Comets football trip puts full focus on team
MCCOMB, MISS. — Free from the distractions of technology, the St. Charles Catholic Comets team has spent the week bonding as a brotherhood on the quaint grounds of Percy Quin State Park in McComb, Miss.
It’s an end-of-summer Comets tradition of 18 years, picked up from head coach Frank Monica’s time with the Tulane Green Wave.
The goal, according to Monica, is to return home this weekend with fully installed offensive and defensive systems, building upon progress made in spring football and summer conditioning.
Training camp stands apart with a greater focus on mental preparation through teaching, individual and team meetings and “open mic” forums, Monica said.
“We do a little bit of conditioning, but it’s not designed for that,” Monica said.
“We’re getting them into a different environment, away from home and away from the cell phone and TV. It’s all football. Knowing that, the focus is on learning the system and, most importantly, being a good teammate.”
Earlier this week, 93 new and returning players introduced themselves to the local community during Meet the Comets Night.
Monica said there are a lot of new faces this year, which could make the upcoming season “awfully tough” without an intense level of preparation to place athletes in ideal positions.
Following a lackluster spring performance by the team, Monica said incoming junior Justin Dumas and rising seniors Jacob Ganote, Cameron Fabre, Sutton Bourgeois, Nick Lorio and Bryce Authement have performed well throughout the summer.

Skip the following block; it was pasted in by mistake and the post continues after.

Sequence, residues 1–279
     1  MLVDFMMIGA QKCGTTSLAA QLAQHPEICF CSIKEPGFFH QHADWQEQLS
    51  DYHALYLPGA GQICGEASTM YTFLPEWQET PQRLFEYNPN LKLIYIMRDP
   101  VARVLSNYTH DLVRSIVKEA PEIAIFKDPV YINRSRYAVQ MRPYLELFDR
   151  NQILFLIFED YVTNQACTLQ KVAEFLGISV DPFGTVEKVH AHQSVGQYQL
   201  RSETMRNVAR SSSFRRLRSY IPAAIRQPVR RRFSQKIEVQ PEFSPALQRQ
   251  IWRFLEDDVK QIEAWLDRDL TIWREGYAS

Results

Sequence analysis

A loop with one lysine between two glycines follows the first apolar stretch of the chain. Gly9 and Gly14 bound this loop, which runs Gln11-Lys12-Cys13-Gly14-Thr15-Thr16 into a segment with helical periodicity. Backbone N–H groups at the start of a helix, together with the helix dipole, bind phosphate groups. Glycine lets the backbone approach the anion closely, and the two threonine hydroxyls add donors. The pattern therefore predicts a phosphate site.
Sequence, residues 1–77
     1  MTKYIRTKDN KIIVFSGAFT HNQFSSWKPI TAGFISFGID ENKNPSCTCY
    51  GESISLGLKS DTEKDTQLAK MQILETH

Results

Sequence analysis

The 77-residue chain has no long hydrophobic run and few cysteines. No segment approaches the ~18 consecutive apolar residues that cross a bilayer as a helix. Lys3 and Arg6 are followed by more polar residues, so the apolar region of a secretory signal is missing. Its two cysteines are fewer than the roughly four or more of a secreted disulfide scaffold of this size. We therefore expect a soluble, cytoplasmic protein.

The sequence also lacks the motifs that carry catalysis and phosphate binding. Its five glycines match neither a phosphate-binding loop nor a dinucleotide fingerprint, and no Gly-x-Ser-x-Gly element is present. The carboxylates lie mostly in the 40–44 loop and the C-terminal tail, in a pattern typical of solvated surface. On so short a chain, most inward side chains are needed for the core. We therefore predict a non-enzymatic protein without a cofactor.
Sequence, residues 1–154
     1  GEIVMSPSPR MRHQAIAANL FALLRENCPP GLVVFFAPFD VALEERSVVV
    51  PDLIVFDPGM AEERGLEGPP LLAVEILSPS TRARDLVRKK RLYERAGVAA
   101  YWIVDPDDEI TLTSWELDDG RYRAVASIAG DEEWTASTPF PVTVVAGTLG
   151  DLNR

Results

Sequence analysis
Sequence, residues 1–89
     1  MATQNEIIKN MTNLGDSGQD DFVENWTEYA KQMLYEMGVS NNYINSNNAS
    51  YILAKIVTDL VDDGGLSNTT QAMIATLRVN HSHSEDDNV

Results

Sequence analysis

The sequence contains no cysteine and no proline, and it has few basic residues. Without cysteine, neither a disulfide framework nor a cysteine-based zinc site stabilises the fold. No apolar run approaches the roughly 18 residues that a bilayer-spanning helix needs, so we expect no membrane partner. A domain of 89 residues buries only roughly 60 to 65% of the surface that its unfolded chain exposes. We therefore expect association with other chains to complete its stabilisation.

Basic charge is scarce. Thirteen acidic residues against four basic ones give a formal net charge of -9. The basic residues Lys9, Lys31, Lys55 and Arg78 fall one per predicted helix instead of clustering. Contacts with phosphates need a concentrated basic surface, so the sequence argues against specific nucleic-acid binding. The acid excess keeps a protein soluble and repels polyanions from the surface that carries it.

Lorio emerged as a possible punter, showing versatility as he diverged from his mainstay position at cornerback. Narcisse also proved powerful and difficult to block during camp, Monica said.
Dumas continued to perform well at quarterback, while Fabre showed strength subbing as a kicker.
Sophomore Mandel Eugene and senior Anderson Sirmon are shining as linebackers.
The offensive line is still developing its sea legs, according to Monica, be the depth chart should be solidified in the coming weeks.
“There’s a possibility some young kids will come in and break through, but we don’t know that for a fact yet,” Monica said. “We won’t know for sure until we get pads on them. When you put pads on, it magnifies weaknesses.”
Previously held at Nicholls State University and St. Joseph’s Abbey in Covington, the five-day training camp is unique to St. Charles Catholic within the River Region.
The boys started each day early, waking up at 5:30 a.m. to prepare for 6 a.m. practice. After a couple of hours of running plays, they headed over to a full breakfast and transitioned into individual meetings.
Practice picked back up in the afternoon and continued on through the evening, followed by more individual attention and an hour-long group meeting.
Just before bed, the Comets bonded in an open forum setting.
“What’s talked about there is kept confidential for the kids, because sometimes personal stuff comes out,” Monica said. “It stays within the team. It makes the kids feel pretty special. It’s a rite of passage and makes them feel they belong to something.”
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